Blautia, a recently discovered bacterial genus, groups several abundant gastrointestinal (GI) bacteria previously assigned to the Ruminococcus genus – particularly those related to Ruminococcus obeum. Blautia is capable of using hydrogen and carbon dioxide to create acetate. Species within this genus are among the most abundant members of the GI tract, ranging from 2.5% to 16% of the total human microbiota.
Researchers have found levels of species within this genus are often diminished in elderly patients. In addition, diminished levels have also been found in mucosal samples of colorectal cancer patients, although more research is needed. Alternatively, increased levels of Blautia species have been observed in irritable bowel syndrome (IBS) patients, but this may reflect higher gas levels, which are produced by Dorea, a genus of bacteria that can be utilized by Blautia.
Other interesting research done by the Memorial Sloan Kettering Cancer Center may indicate that small amounts of Blautia within a patients’ microbiome may reduce the risk of graft-versus-host-disease (GVHD) after a bone marrow transplant (BMT). Researchers found that despite Blautia’s presence prior to transplantation, patients often lose this common microbe due to the treatment or not eating, which is common in BMT patients. If a patient still carried Blautia in their gut microbiome after the transplant, they were significantly less at risk for GVHD, a life-threatening condition.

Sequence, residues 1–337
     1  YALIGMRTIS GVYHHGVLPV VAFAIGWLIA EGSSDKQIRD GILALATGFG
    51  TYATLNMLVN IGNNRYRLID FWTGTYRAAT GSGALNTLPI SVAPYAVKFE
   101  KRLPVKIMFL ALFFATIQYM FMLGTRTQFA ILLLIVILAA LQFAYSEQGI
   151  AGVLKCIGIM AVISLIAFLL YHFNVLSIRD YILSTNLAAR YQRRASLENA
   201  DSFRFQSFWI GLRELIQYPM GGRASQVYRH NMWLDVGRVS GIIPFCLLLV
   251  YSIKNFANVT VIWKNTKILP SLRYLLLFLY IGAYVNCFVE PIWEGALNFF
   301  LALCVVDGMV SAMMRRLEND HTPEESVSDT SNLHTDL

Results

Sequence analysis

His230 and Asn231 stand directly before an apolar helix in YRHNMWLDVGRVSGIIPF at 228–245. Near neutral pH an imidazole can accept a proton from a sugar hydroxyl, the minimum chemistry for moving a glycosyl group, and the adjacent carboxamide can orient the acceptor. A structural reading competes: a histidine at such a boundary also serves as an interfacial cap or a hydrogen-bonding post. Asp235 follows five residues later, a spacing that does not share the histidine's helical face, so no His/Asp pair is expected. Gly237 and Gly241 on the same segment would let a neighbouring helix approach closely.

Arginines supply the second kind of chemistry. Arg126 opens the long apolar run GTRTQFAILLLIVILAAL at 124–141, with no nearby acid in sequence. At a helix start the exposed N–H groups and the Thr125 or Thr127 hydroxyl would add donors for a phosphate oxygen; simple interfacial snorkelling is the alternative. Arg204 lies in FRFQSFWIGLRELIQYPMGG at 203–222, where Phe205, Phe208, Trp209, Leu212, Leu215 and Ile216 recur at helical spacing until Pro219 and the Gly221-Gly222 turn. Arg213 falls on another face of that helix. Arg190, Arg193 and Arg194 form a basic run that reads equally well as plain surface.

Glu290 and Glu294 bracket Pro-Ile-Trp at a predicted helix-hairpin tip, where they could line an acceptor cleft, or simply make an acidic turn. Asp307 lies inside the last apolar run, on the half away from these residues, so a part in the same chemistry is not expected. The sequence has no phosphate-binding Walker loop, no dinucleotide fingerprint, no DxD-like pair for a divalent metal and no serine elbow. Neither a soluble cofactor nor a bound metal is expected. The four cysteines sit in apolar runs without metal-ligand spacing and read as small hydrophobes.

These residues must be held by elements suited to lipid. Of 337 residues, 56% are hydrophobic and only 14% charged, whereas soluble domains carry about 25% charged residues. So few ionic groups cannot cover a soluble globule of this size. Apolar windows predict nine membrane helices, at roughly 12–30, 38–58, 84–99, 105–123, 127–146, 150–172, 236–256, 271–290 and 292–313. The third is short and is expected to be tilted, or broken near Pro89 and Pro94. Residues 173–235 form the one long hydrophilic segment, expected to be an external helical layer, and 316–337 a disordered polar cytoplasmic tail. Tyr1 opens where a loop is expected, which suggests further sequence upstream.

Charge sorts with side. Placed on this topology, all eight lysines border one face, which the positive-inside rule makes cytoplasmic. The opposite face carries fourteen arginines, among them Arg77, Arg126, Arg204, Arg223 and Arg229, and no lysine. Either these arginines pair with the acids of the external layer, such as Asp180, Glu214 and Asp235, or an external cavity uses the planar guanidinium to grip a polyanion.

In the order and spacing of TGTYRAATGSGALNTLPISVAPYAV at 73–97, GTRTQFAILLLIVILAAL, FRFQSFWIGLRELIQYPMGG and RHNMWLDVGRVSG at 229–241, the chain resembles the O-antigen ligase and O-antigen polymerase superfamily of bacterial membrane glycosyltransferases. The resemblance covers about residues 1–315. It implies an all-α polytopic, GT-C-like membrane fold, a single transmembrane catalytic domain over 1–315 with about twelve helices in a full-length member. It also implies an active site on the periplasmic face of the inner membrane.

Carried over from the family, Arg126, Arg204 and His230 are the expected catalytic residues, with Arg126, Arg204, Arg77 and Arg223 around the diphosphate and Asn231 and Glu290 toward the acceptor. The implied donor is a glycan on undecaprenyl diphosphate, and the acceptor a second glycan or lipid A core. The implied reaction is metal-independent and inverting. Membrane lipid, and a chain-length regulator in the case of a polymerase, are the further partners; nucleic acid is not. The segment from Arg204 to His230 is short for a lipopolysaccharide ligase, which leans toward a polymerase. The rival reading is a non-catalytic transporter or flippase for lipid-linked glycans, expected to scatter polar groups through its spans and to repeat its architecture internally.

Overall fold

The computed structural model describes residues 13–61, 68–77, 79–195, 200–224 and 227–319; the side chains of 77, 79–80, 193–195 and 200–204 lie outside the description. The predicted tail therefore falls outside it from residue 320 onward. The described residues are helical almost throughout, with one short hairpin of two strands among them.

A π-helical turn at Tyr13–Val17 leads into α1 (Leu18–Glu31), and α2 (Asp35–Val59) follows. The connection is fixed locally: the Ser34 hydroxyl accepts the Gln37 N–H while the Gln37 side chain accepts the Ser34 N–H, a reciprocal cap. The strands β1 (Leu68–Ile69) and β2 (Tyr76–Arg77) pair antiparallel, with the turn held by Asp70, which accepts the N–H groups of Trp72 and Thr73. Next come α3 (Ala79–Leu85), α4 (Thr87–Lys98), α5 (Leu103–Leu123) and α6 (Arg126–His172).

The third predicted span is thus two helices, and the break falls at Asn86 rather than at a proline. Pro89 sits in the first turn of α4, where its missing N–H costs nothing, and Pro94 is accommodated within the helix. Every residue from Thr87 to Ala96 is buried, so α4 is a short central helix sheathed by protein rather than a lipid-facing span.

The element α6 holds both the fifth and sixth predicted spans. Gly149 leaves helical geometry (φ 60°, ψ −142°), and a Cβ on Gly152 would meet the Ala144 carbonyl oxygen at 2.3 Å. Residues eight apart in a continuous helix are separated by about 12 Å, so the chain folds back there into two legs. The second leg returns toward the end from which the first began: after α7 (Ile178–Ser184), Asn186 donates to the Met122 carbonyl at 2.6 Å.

Chen, W., Liu, F., Ling, Z. et al. “Human Intestinal Lumen and Mucosa-Associated Microbiota in Patients with Colorectal Cancer.” PloS ONE. 7(6): e39743; doi: 10.1371/journal.pone.0039743
Grisham, J. “Bacteria May Hold the Key to Preventing Dangerous Side Effect of Transplants.” Memorial Sloan Kettering Cancer Center. (2014). Memorial Sloan Kettering Cancer Center
Jenq, R.R., Taur, T., Devlin, S.M. et al. “Intestinal Blautia is Associated with Reduced Death from Graft-versus-Host Disease.” Biology of Blood and Marrow Transplantation. (2015). 21(8) 1373-83; doi: http://dx.doi.org/10.1016/j.bbmt.2015.04.016,/p>
Rajilić-Stojanović, M., de Vos W.M. “The first 1000 cultured species of the human gastrointestinal microbiota.” FEMS Microbiology Reviews. (2014). 38(5) 996-1047; doi: 10.1111/1574-6976.12075